Film Notes: The Buffalo Boy (2004) by Minh Nguyen-Vo

The filmmaking effort stands out in this Vietnamese film that is memorable more for the daily struggles in the society of the 1940s Vietnam than a cohesive dramatic structure.

2.5 out of 4 stars

God and Buddha will help us

It is the 1940s Vietnam, during the French occupation. In the villages of the southern coast, people and their buffalos starve as rain destroys crops and fields every year. Some men take the business of looking after the buffalos of the people. But Kim’s family is too poor. His father cannot provide the money. Lad, the leader of the buffalo herder group, refuses to take their two buffalos. However, the group needs the services of a young man like Kim. So Lad accepts Kim’s buffalos after showing some resistance. Thus begins Kim’s journey of wild experiences and increased responsibilities.

The group often faces dangerous enemies in the form of rival gangs. But the filmmaker never treats the content as an adventure. Instead, the film grounds itself into the reality of these people. Very soon, it rapidly cuts forward where Kim returns to his house a changed man. The abrupt cutting takes away the cohesiveness of the plot. But the move might be understandable because the main focus is the development of the young boy Kim into a man through various experiences of life.

In such a scenario, however, it is surprising that the structure of the film keeps winding back to shape up as a constructive plot. There are sharp linkages between Lad and Kim’s father. This relationship again opens up a dirty secret within Kim’s family. Also, there are Kim’s own personal problems. His sexual arousal leads him towards a completely different and rather immoral direction. Overall, I was confused about whether the film strived towards a coherent plot or was it portraying the coming of age of a young man through various encounters of life.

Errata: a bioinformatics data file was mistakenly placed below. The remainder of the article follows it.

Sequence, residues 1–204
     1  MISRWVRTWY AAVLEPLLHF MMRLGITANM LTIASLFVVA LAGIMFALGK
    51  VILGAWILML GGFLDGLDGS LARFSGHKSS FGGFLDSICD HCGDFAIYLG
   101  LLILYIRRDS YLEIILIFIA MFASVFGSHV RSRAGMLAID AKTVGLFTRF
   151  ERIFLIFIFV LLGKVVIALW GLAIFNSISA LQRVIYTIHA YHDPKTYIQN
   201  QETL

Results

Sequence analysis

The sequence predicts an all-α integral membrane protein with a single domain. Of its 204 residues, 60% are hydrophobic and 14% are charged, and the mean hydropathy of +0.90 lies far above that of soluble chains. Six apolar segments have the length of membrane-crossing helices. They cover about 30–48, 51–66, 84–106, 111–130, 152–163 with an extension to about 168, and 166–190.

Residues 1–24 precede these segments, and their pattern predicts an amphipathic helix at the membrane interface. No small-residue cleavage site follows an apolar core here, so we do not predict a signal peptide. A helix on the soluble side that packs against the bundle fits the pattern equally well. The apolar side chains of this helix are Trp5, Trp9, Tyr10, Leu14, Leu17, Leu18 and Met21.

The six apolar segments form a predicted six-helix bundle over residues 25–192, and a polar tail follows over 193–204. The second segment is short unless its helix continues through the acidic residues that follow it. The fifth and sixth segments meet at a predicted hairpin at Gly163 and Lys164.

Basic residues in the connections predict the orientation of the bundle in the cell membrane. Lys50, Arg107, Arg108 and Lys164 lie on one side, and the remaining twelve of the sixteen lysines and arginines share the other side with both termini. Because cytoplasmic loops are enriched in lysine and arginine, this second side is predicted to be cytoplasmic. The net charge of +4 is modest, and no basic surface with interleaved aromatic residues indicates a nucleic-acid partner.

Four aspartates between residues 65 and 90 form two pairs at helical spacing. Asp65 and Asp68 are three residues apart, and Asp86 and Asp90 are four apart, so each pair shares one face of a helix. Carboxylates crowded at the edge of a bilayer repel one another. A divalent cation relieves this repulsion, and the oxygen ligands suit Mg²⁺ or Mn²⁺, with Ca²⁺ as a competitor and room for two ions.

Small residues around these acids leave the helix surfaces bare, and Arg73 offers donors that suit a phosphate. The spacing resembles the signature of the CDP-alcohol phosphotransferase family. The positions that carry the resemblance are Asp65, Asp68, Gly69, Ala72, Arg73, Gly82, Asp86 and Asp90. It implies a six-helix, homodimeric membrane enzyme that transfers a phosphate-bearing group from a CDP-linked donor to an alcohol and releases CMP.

The society of the 1940s Vietnam

This does not lessen the film’s merits by any means. It is amazing how the filmmakers shot the film surrounded by so much water. Also, we get a clear understanding of the social dynamics of 1940s Vietnam. The script uses the traditional conflict between the Viets and the Khmers to develop a part of its material. In comparison, the French influence is only peripheral. The beginning dialogues inform us that the French colonized Vietnam. They give hints of the French-Japanese conflict regarding Vietnam. That is the extent to which the film articulates upon that part of Vietnam’s history. But still, this is a film that is rooted in its world.

Incidents that underline the roots of this world float back later on in one’s mind distinctly but separately. Weeks later, the viewer will remember not the story or the drama, but the people and their daily struggles. Especially memorable are the older couple, living on a (literally) floating house. It is the struggles of these separate peripheral characters that make the film memorable rather than a central character arc that is unfocused with motivations that are sometimes questionable. As Kim, The Lu Le has his task cut out because of the character’s drifting moralities. Kim’s struggle is palpable in most of the time, but his gray shades render the character alienated and detached. He is caught between personal responsibility and a violent backdrop of history, just in the same way the film is caught between multiple threads that are still all too real to be ignored.

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